The D.C. Circuit, in an opinion authored by Ruth Bader-Ginsburg, held the EPA’s new rule was impermissible. As an energy company, Chevron had standing to appeal, and the Supreme Court heard arguments in February of 1984. Reversing the D.C. Circuit, the Supreme Court concocted a new test for determining whether a federal agency’s rulemaking ought to stand. Confronted with a statute that is “silent or ambiguous with respect to the specific question,” the proper inquiry is whether the resolution provided by the agency regulation represents a “permissible construction” of the law’s language. Courts must defer to any interpretation that is reasonable -- which is to say, that is not “arbitrary, capricious, or manifestly contrary” to the law -- an incredibly low bar for the government. Calling up the Wilsonian ideal of a bureaucratic state run by qualified, disinterested professionals, the Court noted, “Judges are not experts in the field.”
As a matter of practice, the Chevron doctrine completely precludes judicial review of an administrative agency rule. The rule thus perverts the constitutional order by allowing the federal government to interpret the meaning of the law for itself, without any material check on its interpretations and, therefore, its power. Such total deference fundamentally undermines the vision of the federal government reflected in the Constitution.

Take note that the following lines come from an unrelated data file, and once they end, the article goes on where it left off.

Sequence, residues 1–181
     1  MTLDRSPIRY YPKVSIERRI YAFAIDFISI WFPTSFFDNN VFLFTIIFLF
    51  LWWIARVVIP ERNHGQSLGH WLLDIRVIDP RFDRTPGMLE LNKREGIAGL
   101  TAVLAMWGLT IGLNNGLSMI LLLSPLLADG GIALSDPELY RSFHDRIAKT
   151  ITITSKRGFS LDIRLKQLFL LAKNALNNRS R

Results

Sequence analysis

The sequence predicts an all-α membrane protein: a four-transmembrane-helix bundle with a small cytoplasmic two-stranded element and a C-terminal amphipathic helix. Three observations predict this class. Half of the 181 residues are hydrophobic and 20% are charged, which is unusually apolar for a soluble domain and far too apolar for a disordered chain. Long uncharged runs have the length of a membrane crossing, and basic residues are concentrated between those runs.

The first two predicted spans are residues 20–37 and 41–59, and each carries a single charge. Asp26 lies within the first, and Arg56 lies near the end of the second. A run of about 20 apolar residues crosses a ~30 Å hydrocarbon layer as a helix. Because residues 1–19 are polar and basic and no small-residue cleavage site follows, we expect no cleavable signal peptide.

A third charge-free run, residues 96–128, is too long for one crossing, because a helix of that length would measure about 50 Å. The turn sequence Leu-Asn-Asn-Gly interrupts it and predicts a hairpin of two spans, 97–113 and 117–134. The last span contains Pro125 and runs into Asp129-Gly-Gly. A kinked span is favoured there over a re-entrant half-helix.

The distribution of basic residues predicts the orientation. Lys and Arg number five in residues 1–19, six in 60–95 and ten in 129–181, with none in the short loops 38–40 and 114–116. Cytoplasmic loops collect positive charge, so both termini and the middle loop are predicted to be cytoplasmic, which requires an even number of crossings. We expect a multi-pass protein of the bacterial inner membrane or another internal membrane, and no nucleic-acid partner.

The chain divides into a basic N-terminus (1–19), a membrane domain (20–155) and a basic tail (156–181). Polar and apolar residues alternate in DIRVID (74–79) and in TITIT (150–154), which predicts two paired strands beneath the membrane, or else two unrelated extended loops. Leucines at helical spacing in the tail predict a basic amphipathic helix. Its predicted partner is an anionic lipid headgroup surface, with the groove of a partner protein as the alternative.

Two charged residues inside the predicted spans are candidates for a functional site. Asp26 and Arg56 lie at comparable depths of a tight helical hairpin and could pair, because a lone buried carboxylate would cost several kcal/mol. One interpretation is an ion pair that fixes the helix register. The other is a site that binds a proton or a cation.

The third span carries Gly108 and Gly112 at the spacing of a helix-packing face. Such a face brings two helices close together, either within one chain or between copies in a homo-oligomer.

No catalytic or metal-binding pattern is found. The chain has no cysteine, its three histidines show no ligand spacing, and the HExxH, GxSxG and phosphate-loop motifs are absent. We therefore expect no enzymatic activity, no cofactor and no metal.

(Emphasis mine)
Even if one agrees with an agency’s interpretation in a given case, this repositioning of authority is a dangerous subversion of the rule of law (the irony, of course, is that in Chevron, deference to the fourth branch happened to result in less bureaucratic meddling). Left free to police itself, the federal bureaucracy has naturally arrogated to itself more power and discretion, its regulatory reach stretching into almost every area of life. It has acted in accordance with its nature. The administrative state is at base the embodiment of ruling-class condescension, contemptuous of its benighted wards and their efforts at self-organization.
And so we find ourselves being squashed by a leviathan that is never satisfied as long as one person out there defies their authority.  Part of the effort to return our country to the founding principles will be getting rid of the regulations and the agencies that make them) that grow like weeds everywhere and constantly. Trump's executive order to to reduce regulations is a modest start. Congress needs to take back the power to make laws, and deny it to the agencies. The agencies need to be scaled back to their proper role of enforcing laws made by Congress. Congress is not an innocent bystander here. They willingly ceded power to these unaccountable agencies because doing so took the heat off of them: they need to stand up to the plate and do their jobs.And the courts?  They need to be scaled back to their true role as well.  But that is a subject for a different post.